Basking sharks are cannier hunters than previously thought, a report in the Journal of Animal Ecology has claimed.
It was thought basking sharks followed a rigid pattern. Image courtesy of David Sims/MBA
A tagging study has shown that the massive fish adapt their diving behaviour to foil the escape strategies of their main prey, zooplankton.
It is the first time these sharks have been witnessed deviating from their seemingly rigid routines.
The researchers hope to inform conservation initiatives as well as illuminate basking shark behaviour.
"This has big implications for conservation," said co-author David Sims from the Marine Biological Association (MBA), UK. "With this information [ecologists] can build in the probabilistic estimates for how often you should see a shark in [UK] waters."
Basking sharks (Cetorhinus maximus) are the world's second largest fish, frequently reaching a whopping 10m in length. They are benign giants, surviving by filtering plankton from the water.
It was hitherto assumed that the sharks followed a regular pattern of swimming behaviour, remaining near the surface through the night and diving into deep waters at dawn. This timetable mirrors the activity of Calanus, a certain zooplankton that basking sharks feed on.
Previously scientists believed the sharks kept to this pattern religiously, perhaps to maintain specific levels of light within their environment.
It was thought "light tracking" might be a sensible strategy because the plankton, which like to avoid visual predators, probably do the same thing.
In an ambitious tagging study, marine researchers managed to track basking sharks in waters around the UK.
They found that sharks in deep waters exhibited so-called "normal" diving behaviour; in other words, they spent the night near the surface and the day at greater depths.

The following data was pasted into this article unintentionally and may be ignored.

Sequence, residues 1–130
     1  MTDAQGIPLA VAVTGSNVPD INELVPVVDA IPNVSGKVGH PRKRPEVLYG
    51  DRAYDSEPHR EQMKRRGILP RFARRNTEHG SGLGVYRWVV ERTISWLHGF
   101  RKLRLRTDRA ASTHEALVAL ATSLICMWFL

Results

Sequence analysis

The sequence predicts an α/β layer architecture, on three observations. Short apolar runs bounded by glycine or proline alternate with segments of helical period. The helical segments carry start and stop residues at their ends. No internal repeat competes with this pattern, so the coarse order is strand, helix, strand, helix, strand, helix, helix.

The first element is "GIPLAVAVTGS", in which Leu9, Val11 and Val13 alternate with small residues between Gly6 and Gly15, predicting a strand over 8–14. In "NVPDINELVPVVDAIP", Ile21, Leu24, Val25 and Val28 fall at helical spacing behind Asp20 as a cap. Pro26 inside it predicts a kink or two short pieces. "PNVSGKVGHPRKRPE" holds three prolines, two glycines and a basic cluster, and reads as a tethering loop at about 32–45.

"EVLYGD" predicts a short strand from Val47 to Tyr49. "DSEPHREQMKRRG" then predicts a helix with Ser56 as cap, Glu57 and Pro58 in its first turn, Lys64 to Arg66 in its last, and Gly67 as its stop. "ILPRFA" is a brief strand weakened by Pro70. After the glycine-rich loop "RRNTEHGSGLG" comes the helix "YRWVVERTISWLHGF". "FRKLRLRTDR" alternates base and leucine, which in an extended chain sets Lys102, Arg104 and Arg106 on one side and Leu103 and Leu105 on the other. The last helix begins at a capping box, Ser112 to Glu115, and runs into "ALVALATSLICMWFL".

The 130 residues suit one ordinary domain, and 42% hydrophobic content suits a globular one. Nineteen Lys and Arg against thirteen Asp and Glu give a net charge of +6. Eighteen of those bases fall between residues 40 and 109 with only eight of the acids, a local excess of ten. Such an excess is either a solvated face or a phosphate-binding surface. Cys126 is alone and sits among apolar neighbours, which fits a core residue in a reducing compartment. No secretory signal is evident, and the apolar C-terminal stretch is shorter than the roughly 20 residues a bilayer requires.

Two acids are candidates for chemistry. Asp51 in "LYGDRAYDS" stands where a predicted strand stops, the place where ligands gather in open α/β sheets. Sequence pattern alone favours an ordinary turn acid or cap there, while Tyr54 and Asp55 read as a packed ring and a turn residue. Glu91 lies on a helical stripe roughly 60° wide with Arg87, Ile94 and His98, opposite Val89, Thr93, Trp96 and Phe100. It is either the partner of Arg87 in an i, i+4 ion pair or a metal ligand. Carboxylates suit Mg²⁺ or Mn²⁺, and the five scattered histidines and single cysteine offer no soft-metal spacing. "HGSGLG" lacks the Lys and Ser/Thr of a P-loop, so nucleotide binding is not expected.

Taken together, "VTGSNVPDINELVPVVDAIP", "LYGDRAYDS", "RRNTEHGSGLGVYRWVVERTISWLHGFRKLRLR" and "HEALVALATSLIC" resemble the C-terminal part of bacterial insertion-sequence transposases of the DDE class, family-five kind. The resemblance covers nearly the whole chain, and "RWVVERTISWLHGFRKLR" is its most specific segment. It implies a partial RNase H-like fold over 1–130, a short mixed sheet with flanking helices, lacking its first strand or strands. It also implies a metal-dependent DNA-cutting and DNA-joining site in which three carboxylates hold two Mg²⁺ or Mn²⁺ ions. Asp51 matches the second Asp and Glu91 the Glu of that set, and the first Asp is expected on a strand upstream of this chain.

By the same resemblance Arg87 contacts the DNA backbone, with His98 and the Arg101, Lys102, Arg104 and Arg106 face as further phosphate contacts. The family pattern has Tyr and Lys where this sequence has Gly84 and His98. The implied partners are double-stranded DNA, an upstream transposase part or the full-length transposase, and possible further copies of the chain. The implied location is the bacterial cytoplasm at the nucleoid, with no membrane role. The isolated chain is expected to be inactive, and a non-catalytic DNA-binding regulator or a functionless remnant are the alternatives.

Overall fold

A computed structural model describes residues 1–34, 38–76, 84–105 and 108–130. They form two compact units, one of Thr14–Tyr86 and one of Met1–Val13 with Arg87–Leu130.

However Dr Sims and his colleagues found, to their surprise, that in tidal areas the sharks followed a reverse pattern: they went down at night and up in the day.
This finding rules out the theory that sharks are following light levels. Instead, Dr Sims thinks they are actually following the plankton, which are themselves more flexible than previously thought.
It seems that in certain places, such as the western English Channel, Calanus are troubled by a particular predator called an arrow worm. Arrow worms, like most plankton and basking sharks, rise at night and dive during the day. So the plankton reverse their dive pattern to avoid the arrow worms.
The team tagged sharks to monitor their movements. Image courtesy of David Sims/MBA
And, it now seems, the basking sharks also reverse their dive pattern in these areas to stick with their prey.
"The plankton were exhibiting short term changes but the sharks were able to modify their behaviour," Dr Sims told the BBC News Website.
Although it might seem intuitive that sharks would follow their prey, it has never been observed before. In fact, very little is known about these mammoth predators at all.
Dr Sims hopes this research will help shed some light on the enigmatic creatures, and help with conservation efforts.
"It will help us understand how many sharks there are and how they are affected by fisheries," he said. "At the moment hardly anything is known about these animals' life history."